My research interests are associated mainly with the systematics and evolution of the hister beetles. The Histeridae contains about 4,000 described species and has a worldwide distribution. They live in diverse habitats and niches and are mainly predators of other insects, especially fly, flea, and beetle larvae. I have a particular interest in the myrmecophilous (ant-associated) and termitophilous (termite-associated) members of the subfamily Hetaeriinae. My Ph.D. project was devoted to a systematic revision of several genera of neotropical myrmecophilous hetaeriines of the genus complex Mesynodites (see Tishechkin 2005). This monograph brings phylogenetic order to what has been a confusing polyphyletic assemblage of genera with unclear interrelations and is a necessary step to understanding the phylogenetic relationships within the entire subfamily. The Hetaeriinae is extremely diverse in the neotropical realm, where it includes about one-third of all histerid genera known. This diversity has evolved in association with a wide variety of social insect hosts, especially army and fungus growing ants and termites. I am addressing questions of host specificity, coevolution, and guest adaptations in my current research on Mesynodites and will deal with these issues on a larger scale for the whole subfamily in the future. Improving the taxonomic knowledge of the subfamily also will allow me to gain insight into distributional and diversity patterns of this primarily tropical forest taxon to contribute to general surveys of tropical biodiversity.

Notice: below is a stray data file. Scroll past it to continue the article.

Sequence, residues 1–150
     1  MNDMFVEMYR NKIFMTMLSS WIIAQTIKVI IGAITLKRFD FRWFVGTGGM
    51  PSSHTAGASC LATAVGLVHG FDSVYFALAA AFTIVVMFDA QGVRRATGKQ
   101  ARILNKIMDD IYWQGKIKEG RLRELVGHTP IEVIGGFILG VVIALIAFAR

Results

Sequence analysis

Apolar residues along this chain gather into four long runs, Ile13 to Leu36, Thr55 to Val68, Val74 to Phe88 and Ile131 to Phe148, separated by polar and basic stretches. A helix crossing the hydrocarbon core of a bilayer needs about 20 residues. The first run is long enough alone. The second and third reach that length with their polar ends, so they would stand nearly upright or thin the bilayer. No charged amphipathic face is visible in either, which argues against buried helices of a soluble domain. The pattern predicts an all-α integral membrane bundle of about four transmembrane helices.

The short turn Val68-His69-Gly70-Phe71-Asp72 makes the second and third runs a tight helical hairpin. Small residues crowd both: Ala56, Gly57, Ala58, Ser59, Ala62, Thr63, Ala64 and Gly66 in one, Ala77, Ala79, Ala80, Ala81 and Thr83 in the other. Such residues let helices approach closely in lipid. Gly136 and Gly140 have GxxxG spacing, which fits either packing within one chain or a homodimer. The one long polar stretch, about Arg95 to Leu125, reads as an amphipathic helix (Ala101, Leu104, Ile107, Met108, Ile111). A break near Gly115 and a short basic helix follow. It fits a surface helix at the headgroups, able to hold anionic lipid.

On a broader scale, I have strong interests in the systematics and faunistics of the Histeridae worldwide, especially in the Palearctic, Nearctic, and Neotropics, and collateral interests in natural history and evolution of social insect inquilines, biodiversity research and conservation biology.
Microsynodites schmidti Lewis
Trichoreninus geminus Reichensperger.